Urban Forestry: Toward an Ecosystem Services Research AgendaBoard on Atmospheric Sciences and Climate
Keck Center of the National Academies
500 Fifth St. NW Washington DC 20001
Workshop presentations, videos, and other materials are available here.
The National Academy of Sciences / National Research Council will organize a workshop to examine the following:
- current capabilities to characterize and quantify the benefits ("ecosystem services") provided by trees and forest canopy cover within a metropolitan area -- including air pollution mitigation; water pollution mitigation; carbon sequestration; urban heat island mitigation; reduced energy demand from shading of buildings. The discussions may also consider benefits to public health and well-being.
- key gaps in our understanding, and our ability to model, measure, and monitor such services; and improvements that may be needed to allow tree planting to be sanctioned as a 'creditable' strategy in official regulatory control programs (i.e. for air quality, water quality, climate change response).
- current capabilities for assigning quantitative economic value to these services, and strategies for improving these capabilities (in order, for instance, to allow for rigorous cost/benefit analyses, and for policies that compensate land owners for good forestry conservation and planting practices).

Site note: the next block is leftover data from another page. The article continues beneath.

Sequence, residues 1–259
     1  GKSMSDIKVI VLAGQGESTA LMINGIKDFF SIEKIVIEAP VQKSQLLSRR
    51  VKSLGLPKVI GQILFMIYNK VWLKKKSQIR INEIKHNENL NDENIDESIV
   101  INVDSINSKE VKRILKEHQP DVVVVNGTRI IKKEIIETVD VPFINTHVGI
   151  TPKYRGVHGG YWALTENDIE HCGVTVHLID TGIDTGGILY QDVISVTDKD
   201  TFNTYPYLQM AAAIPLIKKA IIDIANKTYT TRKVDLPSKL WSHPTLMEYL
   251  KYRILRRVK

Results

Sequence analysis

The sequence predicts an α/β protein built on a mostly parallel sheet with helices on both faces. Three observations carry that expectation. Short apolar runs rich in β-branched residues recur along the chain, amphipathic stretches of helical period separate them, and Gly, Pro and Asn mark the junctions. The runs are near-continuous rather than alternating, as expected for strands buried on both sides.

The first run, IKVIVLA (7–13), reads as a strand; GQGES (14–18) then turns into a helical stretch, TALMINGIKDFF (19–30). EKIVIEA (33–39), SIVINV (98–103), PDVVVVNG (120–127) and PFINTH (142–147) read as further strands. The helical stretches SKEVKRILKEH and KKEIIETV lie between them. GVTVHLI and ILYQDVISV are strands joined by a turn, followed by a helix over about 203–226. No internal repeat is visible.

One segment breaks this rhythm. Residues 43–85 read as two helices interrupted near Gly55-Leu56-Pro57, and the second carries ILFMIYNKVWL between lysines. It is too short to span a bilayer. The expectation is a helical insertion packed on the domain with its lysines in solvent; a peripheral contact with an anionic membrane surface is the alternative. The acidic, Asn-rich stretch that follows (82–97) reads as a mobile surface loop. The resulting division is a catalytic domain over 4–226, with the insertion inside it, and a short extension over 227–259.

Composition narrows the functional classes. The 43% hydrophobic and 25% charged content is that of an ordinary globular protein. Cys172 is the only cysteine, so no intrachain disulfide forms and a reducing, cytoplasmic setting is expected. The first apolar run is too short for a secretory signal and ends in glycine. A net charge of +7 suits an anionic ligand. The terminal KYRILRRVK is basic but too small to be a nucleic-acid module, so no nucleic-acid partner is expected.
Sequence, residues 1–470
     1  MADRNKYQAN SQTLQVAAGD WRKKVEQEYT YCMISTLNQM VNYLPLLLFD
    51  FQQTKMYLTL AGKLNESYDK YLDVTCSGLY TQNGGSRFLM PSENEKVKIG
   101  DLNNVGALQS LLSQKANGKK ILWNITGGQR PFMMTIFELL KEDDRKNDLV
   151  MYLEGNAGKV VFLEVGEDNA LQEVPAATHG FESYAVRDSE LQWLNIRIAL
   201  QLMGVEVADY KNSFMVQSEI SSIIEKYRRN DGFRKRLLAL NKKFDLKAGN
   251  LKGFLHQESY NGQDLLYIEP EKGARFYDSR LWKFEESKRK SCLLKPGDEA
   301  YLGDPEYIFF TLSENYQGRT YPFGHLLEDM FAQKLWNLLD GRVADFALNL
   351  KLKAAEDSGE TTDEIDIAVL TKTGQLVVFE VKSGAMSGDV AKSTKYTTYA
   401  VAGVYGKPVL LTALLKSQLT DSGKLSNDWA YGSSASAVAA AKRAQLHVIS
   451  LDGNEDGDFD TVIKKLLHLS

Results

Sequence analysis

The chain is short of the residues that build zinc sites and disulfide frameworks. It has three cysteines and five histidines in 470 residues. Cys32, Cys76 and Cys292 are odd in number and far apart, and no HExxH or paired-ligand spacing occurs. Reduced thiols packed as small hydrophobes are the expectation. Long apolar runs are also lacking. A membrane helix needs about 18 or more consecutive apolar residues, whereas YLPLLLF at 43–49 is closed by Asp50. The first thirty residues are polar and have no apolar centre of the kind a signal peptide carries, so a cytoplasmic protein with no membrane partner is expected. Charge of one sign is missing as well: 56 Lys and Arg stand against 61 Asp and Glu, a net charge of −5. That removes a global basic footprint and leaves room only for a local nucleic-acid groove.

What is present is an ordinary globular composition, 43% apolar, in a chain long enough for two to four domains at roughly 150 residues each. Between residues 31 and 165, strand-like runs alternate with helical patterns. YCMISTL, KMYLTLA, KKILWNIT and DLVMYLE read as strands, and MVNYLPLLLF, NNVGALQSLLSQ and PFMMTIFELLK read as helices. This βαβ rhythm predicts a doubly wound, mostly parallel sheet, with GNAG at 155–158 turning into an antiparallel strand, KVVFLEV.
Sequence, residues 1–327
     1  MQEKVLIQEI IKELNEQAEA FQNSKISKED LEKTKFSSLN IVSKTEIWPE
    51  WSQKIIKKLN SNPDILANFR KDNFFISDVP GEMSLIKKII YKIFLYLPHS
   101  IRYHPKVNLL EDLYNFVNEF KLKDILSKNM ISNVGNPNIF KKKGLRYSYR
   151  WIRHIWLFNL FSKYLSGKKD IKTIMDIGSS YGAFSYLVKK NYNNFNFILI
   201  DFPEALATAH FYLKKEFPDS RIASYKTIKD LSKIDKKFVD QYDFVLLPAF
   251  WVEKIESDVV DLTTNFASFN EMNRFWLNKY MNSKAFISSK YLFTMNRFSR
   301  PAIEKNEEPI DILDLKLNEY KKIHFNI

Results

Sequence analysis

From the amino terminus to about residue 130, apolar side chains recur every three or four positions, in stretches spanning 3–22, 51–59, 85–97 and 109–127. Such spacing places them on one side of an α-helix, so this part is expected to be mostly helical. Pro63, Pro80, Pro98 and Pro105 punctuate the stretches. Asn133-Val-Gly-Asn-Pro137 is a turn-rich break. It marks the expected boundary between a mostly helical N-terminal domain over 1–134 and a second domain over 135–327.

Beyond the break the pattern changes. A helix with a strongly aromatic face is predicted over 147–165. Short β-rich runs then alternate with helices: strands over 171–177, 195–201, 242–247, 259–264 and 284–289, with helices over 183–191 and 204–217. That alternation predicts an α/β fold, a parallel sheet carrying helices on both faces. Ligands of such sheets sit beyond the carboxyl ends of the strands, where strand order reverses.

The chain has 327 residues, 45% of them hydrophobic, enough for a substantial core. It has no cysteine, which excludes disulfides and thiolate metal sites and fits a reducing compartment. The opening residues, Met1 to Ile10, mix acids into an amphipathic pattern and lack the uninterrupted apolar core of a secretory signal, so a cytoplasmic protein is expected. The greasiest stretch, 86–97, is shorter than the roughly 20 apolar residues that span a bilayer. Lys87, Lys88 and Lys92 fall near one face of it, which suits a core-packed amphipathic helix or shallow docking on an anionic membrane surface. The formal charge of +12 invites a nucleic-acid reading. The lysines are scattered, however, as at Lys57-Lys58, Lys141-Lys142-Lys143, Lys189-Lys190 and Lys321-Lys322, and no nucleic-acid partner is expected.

- the challenges of planning/managing urban forests in a manner that optimizes multiple ecosystem services simultaneously (e.g. synergies, trade-offs in selecting tree species, determining planting locations)
- opportunities for enhancing collaboration and coordination among federal agencies, academic researchers, and other stakeholders.
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Workshop Summaries Resulting from this Event
There is growing interest in understanding and quantifying the many benefits that trees provide to the urban environment; for instance, helping mitigate climate change by sequestering carbon; lowering demand for air conditioning by shading buildings; reducing air pollution and urban heat island effects; and intercepting water runoff to help control stormwater overflow problems. Research shows that exposure to trees and green spaces i... More >>